ARLINGTON -- A gallon of water is getting to be a precious commodity in North Texas.

People across North Texas have been living through years of drought and water restrictions, but not the oil and gas industry.

Hydraulic fracturing can take between 2 and 3 million gallons of water per well without any restrictions.

Sharon Wilson with Earthworks Action is a vocal opponent of fracking.

'It makes no sense to tell people not to flush their toilets when the oil and gas industry is using such massive amounts of water,' Wilson said.

News 8 requested water sales data over the most recent 18-month period from Fort Worth, Arlington, and the Tarrant Regional Water District. Together, they sold Chesapeake Energy almost 285,000,000 gallons of water for fracking.

Chesapeake referred our questions to Ed Ireland, who speaks for oil and gas companies working in the Barnett Shale formation, an area which covers 24 counties, including Tarrant.

'Using water for drilling and hydraulic fracturing is not a major use of water,' said Ireland, with the Barnett Shale Energy Education Council.

In fact, he said because of depressed gas prices fracking in the Barnett is down 85 percent from its peak. And the Tarrant Regional Water District said recent water sales for fracking account for less than 1 percent of its overall sales.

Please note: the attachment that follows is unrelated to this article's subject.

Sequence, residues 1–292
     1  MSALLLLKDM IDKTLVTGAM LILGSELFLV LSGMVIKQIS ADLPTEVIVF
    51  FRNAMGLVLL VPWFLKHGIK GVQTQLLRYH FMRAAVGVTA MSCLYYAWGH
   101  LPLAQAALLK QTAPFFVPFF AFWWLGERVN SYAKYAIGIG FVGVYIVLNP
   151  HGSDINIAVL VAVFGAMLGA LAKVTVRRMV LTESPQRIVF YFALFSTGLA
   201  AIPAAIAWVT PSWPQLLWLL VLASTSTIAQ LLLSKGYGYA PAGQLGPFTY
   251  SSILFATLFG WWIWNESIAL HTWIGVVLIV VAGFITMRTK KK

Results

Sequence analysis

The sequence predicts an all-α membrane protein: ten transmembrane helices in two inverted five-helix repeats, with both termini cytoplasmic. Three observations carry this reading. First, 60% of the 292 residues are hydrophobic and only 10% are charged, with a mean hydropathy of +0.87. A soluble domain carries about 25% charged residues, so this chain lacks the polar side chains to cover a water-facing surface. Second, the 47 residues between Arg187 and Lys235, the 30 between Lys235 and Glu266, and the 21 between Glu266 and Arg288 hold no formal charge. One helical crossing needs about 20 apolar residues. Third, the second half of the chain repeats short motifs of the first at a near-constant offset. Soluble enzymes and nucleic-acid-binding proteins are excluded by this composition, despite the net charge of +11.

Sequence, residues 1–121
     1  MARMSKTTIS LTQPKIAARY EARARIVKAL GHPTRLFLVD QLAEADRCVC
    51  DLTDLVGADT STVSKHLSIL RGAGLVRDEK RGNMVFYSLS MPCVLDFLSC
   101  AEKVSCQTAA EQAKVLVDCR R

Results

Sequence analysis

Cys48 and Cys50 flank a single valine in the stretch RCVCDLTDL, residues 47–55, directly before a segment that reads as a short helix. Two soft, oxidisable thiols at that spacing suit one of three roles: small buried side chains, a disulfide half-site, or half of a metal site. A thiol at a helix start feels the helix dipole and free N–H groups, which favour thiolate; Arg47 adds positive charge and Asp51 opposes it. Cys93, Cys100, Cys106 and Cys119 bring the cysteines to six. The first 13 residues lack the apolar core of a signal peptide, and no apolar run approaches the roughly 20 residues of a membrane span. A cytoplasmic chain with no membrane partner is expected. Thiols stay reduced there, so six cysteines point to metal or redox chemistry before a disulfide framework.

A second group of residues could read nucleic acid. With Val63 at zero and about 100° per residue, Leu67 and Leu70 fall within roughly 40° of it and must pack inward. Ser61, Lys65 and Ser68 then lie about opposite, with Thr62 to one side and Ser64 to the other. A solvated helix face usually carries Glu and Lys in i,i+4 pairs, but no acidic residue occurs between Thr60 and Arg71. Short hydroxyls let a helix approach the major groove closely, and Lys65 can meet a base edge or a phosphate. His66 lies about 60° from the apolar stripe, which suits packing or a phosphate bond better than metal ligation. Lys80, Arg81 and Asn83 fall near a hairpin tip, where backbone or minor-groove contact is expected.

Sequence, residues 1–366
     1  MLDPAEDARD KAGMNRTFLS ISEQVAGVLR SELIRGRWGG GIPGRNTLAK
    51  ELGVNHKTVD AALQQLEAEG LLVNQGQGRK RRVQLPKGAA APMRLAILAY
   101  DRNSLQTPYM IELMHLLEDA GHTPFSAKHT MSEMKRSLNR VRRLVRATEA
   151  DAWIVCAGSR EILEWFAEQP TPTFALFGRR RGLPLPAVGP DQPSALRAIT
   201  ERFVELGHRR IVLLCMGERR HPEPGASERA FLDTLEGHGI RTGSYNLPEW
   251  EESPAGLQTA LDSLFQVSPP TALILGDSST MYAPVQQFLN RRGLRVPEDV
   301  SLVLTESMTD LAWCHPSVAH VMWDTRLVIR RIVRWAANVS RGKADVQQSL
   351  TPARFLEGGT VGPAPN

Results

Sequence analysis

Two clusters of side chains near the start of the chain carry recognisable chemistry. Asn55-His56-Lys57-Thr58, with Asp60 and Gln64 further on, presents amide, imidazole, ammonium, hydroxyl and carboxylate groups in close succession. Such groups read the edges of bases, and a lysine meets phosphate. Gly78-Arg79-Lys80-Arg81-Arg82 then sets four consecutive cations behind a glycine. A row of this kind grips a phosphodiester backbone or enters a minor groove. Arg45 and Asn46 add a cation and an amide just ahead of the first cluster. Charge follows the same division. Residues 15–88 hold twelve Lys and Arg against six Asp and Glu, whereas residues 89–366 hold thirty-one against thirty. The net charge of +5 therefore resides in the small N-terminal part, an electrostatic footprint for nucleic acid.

Ireland said in this time of drought, water for fracking is not the problem.

'Half of the residential use of water is watering lawns. So, in a word, that gets the biggest bang for the buck,' he said.

And that's exactly what most communities do - ask residents to cut back, not industrial users, like oil and gas drillers.

'We follow all the rules [...] in the Drought Contingency and Water Conservation Plans and apply those rules equally among all our customers,' the city or Arlington wrote in a statement. 'The gas drilling industry is a customer and we do not treat them any differently.'

But one city does treat fracking differently: Grand Prairie.

Ron McCuller is that city's Public Works director.

'It's very simple,' he said. 'I didn't check to see if anyone else was doing it or not doing it.'

During a period of water restriction, oil and gas companies must request special permission to use water in Grand Prairie. McCuller said that gives him flexibility to manage the city's water supply in a time of drought.

'I wanted to have the ability to prohibit, or preferably just delay, that fracking operation if the water system was in bad shape,' McCuller said.

In Grand Prairie, at least, it's not about denying water for fracking. McCuller said while water is scarce, it's about asking everyone to sacrifice together, not just homeowners.

An idea, in Grand Prairie, that's easy to wash down.


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